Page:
The main idea of this play, ‘The Voice of Turtles’ was finding truth and comfort in love despite the difficulties. That sounds similar to the main idea of my 1st critique’s play, ‘Romeo & Juliet’ but compare to that, this play was lighter and softer. This play took its setting in the main character Sally Middleton’s (Kate Woodruff) apartment in New York City, in 1943, and it was displayed well through their comforts and passionate times in the apartment.
There were three characters in the play: Sally Middleton, Olive Lashbrooke, Bill Page. Sally Middleton was played by an actress named Kate Woodruff, and she was the only character who was in the beginning and the end. First, she started as a girl who had a little knowledge about things in this world, but as she met Bill and spent more and more time with him, she began to realize certain things and eventually acknowledges her true love, Bill. Kate Woodruff’s acting style expressing obtuseness and vulnerability perfectly fitted with Sally. However, Bill Page, who was performed by Jim Felton, was not developed well enough to capture the audience. I understood that Bill was the character who was optimistic and learned a lot through his experiences during the WWII, but he was not sharp enough to express that “well-experienced soldier” type of a guy.
I could feel that he became more lovable and passionate towards the end, but it seemed like he didn’t fully understand his character. But Olive Lashbrooke, who was played by Lisa Perez, was another well developed character. She was the only character who had a major switch in her attitude in the middle of the play because she had a suspicion about the relationship between her friend Sally and “ex-lover” Bill. However, Lisa Perez does it really well with the consistent in the character by clearly displaying arrogant and flirtatious behaviors, and that consistent also gave reliability to the audience.
The plot of play expanded with the timeline of late afternoon Friday to Sunday night, and although it was a short period of time, the story was comprehensibly displayed. It started with a basic idea that Bill and Olive were seeing each other, but Olive broke up with him at Sally’s house when he comes over, so Olive left her house. Bill had no one to spend time with and Sally was available so two of them spent time together. Olive became suspicious about the relationship between Sally and Bill, so she visits Sally tries to win Bill back but Bill denies. Bill fell in love with Sally, who was unsure about the relationship. But Bill convinced her to work together in their relationship and Sally agrees at the end.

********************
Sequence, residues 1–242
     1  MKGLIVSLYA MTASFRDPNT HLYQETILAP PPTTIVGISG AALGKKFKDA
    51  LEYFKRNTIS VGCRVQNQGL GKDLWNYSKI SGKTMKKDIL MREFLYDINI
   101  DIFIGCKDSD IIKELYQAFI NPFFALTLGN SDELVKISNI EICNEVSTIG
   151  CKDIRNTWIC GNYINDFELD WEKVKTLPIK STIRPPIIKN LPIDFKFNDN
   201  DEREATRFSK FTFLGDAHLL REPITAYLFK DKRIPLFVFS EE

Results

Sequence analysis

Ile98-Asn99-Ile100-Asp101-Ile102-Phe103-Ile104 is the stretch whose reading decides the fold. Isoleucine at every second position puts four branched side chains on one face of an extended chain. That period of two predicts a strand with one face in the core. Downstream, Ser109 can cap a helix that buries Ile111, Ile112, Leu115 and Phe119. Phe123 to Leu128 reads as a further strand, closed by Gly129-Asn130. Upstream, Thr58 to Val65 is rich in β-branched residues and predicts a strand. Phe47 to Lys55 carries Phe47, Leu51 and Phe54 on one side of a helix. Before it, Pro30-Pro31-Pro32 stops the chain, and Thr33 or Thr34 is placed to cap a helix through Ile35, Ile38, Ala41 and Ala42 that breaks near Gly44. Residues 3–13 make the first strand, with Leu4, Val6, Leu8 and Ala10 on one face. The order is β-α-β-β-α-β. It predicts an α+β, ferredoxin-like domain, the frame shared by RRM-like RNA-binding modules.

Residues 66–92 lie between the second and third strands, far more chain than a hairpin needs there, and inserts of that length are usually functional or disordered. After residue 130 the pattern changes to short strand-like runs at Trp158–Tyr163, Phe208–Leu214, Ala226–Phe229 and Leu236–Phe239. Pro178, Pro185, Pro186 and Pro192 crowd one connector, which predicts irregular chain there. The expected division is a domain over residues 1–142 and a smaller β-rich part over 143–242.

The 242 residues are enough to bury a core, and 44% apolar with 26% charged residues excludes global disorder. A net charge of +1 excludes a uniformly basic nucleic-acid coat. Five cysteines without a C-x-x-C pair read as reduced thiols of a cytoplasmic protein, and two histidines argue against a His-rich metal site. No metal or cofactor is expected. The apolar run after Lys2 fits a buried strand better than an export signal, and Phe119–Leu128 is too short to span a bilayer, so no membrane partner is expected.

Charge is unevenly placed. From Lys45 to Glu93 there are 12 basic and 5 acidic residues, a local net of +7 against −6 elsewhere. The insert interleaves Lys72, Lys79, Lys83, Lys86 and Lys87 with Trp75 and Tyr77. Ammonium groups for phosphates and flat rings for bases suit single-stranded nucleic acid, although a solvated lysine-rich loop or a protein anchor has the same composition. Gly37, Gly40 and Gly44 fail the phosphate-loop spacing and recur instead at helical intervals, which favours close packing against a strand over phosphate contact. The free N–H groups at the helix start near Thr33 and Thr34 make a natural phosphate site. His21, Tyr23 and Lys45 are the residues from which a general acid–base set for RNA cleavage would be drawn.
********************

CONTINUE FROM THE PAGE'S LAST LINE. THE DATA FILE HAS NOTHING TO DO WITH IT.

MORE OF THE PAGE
Considering that happy end, there were few situations where it displayed opposite signs that their relationship might not work. There was a scene where Olive tried to interrupt the relationship between Sally and Bill, which caused Sally to think their relationship might be bad for her friendship with Olive. Also Sally was tired of promiscuous life and did not want to involve deeply with Bill. These situations made the play more appealing, which all worked out well at the end.
The setting of the play, which was Sally’s apartment, helped her character to be more understandable. As I mentioned above, in the beginning part of the play, Sally started as a girl who had a little knowledge about this world, and this apartment setting made it looked like she spends most of her time in her apartment. Also it was her apartment that created an environment to be comforter and more honest for Sally.
There was an emotional change of Olive when she became suspicious about the relationship between Sally and Bill, and in the scene where she came back to win Bill back, Olive wore an awful fur clothes. In many plays and films, fur clothes are usually wore by greedy and deceptive women and that costume added more to Olive’s characteristic. It was an interesting thing to see because they were explaining her characteristic through costume rather than words. Just like Olive’s costume, all other features of the play worked together very well to support the play.
For example, the light, which shined on Bill’s face when he looked out the window, was supposed to be the moonlight, and it was amazing. He could just act like he was looking out the window, but when that light shined on his face, it just made me to think that I was in the apartment. Also the warm light on the set tied the apartment together and created a cozy feeling.
I felt performances of Sally and Olive were great but not Bill’s performance. Most of the time, Sally—performed by Kate Woodruff—looked comfortable and I think she intended to do that because the setting was her apartment. Her actions, such as the way she sit on her couch, cooking in the kitchen, and even her walks all seemed like what a woman in 20’s would be at home. Also when she was listening to Sally and Bill saying what happened outside of the apartment,—which is this world—she expressed her curiosity and interests with her facial expressions such as her eyes getting bigger and blinking her eyes quickly. Those performances told us that she had a lot to experience and learn from this world.
On the other hand, Olive—performed by Lisa Perez—experienced a lot outside of the apartment, and used the high-pitched voice that helped her cocky and funny character. However the performance of Bill—played by Jim Felton—was not enough to express the character and generate interests. He was trying hard but I just could not sympathize with his lines. But overall, it was a good play. The audiences’ seats were so close to the stage and I really enjoyed being close to the characters.
Courtney from Study Moose
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